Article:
Firefighters fully contain wildfire in North Routt
Steamboat Springs — Firefighters in North Routt County have fully contained a lightning-caused wildfire that burned about 4.5 acres just north of Big Red Park.
“It’s contained, and things are looking really good,” Sam Duerksen, the zone fire management officer for the U.S. Forest Service, said Monday afternoon.
Duerksen said crews would continue to monitor the fire.
At the height of firefighting efforts over the weekend, 35 firefighters from the U.S. Forest Service and the North Routt Fire Protection District battled the wildfire.
Firefighters also were assisted by a helicopter and the state’s new multi-mission aircraft.
The fire, which was detected Friday, did not threaten any campsites or trails in the area.
“The one thing about the fire is that it’s in really heavy, dead and down beetle-affected spruce trees,” Duerksen said. “There was a very high hazard to exposure for firefighters. It was very slow going during the initial attack period because we wanted to reduce that exposure.”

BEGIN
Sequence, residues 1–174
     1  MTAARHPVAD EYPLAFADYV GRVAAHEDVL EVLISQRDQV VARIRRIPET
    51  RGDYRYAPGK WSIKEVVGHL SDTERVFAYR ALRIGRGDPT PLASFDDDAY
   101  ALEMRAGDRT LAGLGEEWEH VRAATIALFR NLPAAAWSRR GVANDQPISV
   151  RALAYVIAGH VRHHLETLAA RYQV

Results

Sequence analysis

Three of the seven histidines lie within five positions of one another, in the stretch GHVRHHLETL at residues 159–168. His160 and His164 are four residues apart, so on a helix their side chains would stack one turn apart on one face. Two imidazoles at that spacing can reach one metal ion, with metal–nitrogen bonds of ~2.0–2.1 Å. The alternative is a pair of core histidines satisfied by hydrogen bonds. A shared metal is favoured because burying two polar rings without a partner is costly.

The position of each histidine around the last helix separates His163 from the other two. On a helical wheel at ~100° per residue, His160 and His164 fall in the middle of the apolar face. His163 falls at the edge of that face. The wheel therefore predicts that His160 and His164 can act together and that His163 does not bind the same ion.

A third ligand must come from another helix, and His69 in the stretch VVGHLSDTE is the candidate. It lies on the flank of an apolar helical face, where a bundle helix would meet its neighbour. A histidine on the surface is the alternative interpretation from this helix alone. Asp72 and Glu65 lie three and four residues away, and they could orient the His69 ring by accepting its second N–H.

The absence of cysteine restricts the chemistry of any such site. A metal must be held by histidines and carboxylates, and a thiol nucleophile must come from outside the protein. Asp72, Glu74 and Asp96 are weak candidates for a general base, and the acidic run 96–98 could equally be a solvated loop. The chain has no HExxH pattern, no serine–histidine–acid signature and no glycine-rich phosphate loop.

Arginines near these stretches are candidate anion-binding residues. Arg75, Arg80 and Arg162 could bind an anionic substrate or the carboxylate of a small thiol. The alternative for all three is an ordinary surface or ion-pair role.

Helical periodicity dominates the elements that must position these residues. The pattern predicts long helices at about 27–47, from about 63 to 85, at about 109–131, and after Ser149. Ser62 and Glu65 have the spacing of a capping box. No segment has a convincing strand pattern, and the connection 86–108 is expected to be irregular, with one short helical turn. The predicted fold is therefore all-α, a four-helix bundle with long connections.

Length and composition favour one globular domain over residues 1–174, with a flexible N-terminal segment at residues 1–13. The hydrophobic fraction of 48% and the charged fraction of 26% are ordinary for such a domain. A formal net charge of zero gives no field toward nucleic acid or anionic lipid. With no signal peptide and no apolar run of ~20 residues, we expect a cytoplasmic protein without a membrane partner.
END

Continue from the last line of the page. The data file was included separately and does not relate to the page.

On Saturday, the multi-mission aircraft flew over the fire and took an infrared scan of the blaze that was utilized during the firefighting efforts.
A helicopter assisted firefighters Sunday.
Duerksen said it is believed the wildfire was caused by a lightning strike about a week ago.
“It kind of simmered in a subdued state until it got the right weather and fuel, and then it took off,” he said.
Dry conditions in Northwest Colorado have increased the local fire danger from moderate to high.
Routt County Emergency Management Director Bob Struble said residents should be particularly careful with fireworks leading up to Saturday’s July Fourth holiday.
“It looks green right now, but it’s drying out fast. People really need to be cautions with the fireworks,” Struble told the Steamboat Today.
Duerksen also stressed that campers should be careful with their campfires.
Fireworks are illegal in the National Forest.
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Interstate 70 is more than 60 miles south of Craig across rugged terrain.